These are some of Andrea's Holyhocks - they live in Lakota, North Dakota.
This is one of the many ducklings we saw as Andrea was chauferring me all over the countryside so I could do photography. There were two major lakes near Lakota: Devil's Lake and Stump Lake. The water table has become so high over the past 10 years or so, they have merged into one. This is great for the waterfowl - not so great for trees, roads and homes that have to be moved out of the way. Andrea's Chuck told us that homes threatened by the expanding waters are moved during the winter - across the frozen lakes.
And this is Andrea standing by her zip code. She works for the Post Office. Andrea occupies most of my fondest childhood memories. Her mom was my mom's niece and we traveled from northeast Nebraska to visit them in Denver throughout my growing up years.
On our way to Andrea's, we attended a wedding in Aberdeen. Sorry - no pics as I took the wrong camera with me to the festivities. That would be the one with the dead battery... made me want to say some downright unChristian things at the time, but everyone else in attendance had cameras with good batteries, so the event was properly documented. Anyway, after the wedding, on our way to Andrea's we stopped in Jamestown, North Dakota and fell into this cute little tourist trap. It is home to a sweet little historic village, a herd of buffalo (including the white one getting a drink of water in the foreground) and the "world's largest buffalo statue" in the background. The day after we visited Jamestown, Andrea drove me past the farm in Walsh County where the white buff's mother was born. They produce at least two white ones, which are actually albinos, each year - very unusual occurance.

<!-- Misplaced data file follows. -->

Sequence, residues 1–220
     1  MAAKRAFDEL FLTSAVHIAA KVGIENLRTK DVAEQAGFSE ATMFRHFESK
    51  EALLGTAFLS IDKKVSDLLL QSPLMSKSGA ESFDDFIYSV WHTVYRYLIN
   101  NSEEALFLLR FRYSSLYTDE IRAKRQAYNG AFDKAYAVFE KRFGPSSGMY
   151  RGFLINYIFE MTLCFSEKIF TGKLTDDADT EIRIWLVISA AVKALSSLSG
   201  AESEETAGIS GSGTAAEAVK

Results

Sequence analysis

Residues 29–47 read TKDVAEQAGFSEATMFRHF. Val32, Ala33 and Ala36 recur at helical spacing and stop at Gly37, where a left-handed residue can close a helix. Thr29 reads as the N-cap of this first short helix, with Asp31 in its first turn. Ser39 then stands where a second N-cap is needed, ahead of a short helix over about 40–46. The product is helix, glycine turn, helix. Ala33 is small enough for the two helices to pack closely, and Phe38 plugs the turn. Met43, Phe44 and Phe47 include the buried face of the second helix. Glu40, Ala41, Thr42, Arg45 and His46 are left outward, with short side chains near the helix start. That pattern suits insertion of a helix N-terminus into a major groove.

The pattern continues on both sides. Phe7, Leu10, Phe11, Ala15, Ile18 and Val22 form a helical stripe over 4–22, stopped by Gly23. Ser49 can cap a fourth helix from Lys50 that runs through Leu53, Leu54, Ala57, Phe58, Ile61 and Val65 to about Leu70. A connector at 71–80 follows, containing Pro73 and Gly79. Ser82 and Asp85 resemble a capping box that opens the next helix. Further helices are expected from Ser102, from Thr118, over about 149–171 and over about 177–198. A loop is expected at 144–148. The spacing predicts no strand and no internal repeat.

In Jamestown, we stopped at a Hardees for lunch and I had the funniest experience. I noticed that there were several tables occupied by folks who had obviously just come from church. While we were waiting for our food, I left our table two or three times and every time I came back, the other people looked at me with a friendly smile and nod of recognition - the way you would look at someone you had known all your life and had just attended church with. I'm told this is typical Dakotan friendliness. I found it quite charming. I hope I can be as friendly and welcoming to strangers as they were to me.
Can you guess what this field is? Cliff? Anyone?
This is what canola looks like before it goes to seed, gets harvested and becomes oil. I wonder if olives are this pretty before they get made into oil? Does anyone have a picture of blooming olives to share?
That's all for now! There must be more pictures around here somewhere...